Poo war crusaders released on a warning

Andile Lilli and two co-accused will return to court in August.

City of Cape Town workers clean portable toilets in Gugulethu on 11 June 2013. Picture: Tammy Abrahams/EWN

CAPE TOWN - The man at the centre of the so-called poo war and two of his co-accused have been released on a warning in the Cape Town Magistrates Court.

Andile Lili was arrested earlier this week after being caught transporting human waste, allegedly destined for the provincial legislature.

The court found the state's case was flawed. Magistrate Chumani Giyose said the prosecution did not complete the charge sheet and had failed to prove the three men had gathered without notice. The case was remanded to 2 August.

Earlier in the day, the state kicked off the second session of his bail hearing by presenting cases Lili could be implicated in.

Cases involving the disruption of schooling and burning of tyres were some of the matters the state presented against the former ANC councillor. But it emerged Lili has not been charged for these offences and may never be.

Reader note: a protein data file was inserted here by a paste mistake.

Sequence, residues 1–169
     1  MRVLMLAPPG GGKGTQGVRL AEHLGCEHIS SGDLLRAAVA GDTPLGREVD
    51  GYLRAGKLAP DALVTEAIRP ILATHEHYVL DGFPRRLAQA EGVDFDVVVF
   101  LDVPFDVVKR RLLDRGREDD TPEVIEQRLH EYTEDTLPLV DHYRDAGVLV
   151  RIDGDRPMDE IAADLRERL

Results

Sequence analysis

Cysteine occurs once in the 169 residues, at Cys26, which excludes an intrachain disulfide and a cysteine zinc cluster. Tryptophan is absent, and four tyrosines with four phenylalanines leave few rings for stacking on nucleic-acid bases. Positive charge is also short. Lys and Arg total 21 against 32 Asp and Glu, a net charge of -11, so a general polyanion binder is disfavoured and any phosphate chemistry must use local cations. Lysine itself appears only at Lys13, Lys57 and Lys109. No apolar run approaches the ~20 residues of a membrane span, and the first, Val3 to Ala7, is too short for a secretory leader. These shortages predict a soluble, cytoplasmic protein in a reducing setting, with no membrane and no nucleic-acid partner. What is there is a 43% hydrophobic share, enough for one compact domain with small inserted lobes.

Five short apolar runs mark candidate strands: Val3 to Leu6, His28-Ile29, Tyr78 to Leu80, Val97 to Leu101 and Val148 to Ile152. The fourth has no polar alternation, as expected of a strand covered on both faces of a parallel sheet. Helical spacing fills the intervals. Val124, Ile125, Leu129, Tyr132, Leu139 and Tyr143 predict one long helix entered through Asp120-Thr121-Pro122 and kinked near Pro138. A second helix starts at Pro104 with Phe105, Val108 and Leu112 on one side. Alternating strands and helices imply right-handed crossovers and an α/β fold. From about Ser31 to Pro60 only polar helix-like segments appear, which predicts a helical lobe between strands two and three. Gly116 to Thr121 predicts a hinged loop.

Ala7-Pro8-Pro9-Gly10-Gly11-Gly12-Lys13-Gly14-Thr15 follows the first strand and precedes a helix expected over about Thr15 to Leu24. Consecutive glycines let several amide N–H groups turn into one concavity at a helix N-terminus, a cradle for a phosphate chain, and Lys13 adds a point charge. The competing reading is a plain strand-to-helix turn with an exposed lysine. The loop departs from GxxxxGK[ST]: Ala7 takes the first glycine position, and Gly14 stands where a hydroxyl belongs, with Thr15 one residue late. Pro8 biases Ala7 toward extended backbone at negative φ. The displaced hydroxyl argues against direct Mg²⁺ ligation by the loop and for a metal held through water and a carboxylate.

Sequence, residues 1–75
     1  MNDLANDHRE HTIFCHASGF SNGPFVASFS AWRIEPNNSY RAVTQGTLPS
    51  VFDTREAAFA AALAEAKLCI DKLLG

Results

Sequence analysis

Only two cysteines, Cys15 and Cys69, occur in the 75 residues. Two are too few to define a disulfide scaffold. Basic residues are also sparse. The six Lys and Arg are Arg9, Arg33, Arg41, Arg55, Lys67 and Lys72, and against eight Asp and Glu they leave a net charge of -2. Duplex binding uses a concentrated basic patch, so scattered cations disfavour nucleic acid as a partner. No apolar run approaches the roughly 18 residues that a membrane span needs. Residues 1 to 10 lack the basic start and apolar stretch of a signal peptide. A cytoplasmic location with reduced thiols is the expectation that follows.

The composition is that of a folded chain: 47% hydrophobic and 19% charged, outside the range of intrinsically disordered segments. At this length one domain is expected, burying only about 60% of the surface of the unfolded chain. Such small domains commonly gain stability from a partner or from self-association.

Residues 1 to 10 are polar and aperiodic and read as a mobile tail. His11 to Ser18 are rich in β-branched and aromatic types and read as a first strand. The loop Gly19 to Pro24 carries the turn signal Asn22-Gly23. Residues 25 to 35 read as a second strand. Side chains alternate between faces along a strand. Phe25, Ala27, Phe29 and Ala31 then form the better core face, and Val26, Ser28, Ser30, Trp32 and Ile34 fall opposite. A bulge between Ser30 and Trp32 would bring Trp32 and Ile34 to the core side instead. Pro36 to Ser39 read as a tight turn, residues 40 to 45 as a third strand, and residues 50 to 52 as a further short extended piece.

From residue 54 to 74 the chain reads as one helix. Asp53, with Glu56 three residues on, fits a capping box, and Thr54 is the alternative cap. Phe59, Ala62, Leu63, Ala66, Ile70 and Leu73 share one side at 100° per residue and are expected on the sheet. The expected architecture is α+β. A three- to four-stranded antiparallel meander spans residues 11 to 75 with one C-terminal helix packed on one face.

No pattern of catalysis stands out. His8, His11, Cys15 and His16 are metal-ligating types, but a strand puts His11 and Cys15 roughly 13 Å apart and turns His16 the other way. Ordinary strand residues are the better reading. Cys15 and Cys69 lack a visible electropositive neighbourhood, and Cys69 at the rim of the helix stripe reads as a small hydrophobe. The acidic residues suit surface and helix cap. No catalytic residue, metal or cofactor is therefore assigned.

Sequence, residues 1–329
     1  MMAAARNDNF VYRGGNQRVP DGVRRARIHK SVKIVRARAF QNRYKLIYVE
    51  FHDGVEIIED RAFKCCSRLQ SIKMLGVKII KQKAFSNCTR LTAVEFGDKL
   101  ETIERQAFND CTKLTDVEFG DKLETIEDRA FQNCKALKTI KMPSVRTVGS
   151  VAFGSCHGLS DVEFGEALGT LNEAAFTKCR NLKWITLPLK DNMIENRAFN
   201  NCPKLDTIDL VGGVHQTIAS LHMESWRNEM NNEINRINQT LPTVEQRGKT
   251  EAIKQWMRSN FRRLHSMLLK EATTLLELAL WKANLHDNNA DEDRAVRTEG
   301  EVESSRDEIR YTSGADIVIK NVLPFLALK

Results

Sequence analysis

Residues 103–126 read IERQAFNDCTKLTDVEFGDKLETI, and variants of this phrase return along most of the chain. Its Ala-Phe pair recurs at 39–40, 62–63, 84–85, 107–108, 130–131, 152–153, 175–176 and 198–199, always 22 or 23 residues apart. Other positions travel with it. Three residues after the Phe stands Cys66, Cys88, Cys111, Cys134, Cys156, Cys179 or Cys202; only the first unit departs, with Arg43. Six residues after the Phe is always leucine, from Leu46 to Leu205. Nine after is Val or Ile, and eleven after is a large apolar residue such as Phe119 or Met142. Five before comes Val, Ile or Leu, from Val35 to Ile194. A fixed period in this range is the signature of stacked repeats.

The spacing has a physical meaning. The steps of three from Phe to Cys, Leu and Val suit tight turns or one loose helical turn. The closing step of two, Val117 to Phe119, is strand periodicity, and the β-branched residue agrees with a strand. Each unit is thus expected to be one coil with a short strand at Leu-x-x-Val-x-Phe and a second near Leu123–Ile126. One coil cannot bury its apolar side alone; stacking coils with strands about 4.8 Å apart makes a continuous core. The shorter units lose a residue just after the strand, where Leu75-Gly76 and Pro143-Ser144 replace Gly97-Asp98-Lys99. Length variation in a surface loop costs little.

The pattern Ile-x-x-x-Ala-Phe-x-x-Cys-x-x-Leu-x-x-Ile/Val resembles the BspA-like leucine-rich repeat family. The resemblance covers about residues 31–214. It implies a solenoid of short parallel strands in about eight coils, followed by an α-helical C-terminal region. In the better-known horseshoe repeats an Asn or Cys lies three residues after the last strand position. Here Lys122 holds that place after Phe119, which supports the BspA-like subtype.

The state then closed its case.

The debate of Lilli being a possible flight risk was also raised, but investigating officer, Izak van der Westhuizen, argued the politician was an honourable man.

However, van der Westhuizen raised concerns about what Lilli might do if he is granted bail.

Lili indicated he intended pleading not guilty to all the charges he faces.


The three accused were one of 180 people who were arrested on Monday. Police also confiscated crates of sealed bags containing raw sewage.

Groups of Khayelitsha residents were rounded up at a local train station.

On the day Lili told Eyewitness News they would continue to dump faeces on Zille's doorstep until a proper sanitation service was provided for the poor.

Last Tuesday, demonstrators threw faeces at Zille's motorcade as she was leaving the Harare Community Hall in Khayelitsha.

A day earlier after ANC Youth League members emptied five porta-loos filled with human waste on the steps of the provincial legislature.

The uproar is in protest at the recent rollout of the City of Cape Town's new portable flush toilet project in Khayelitsha.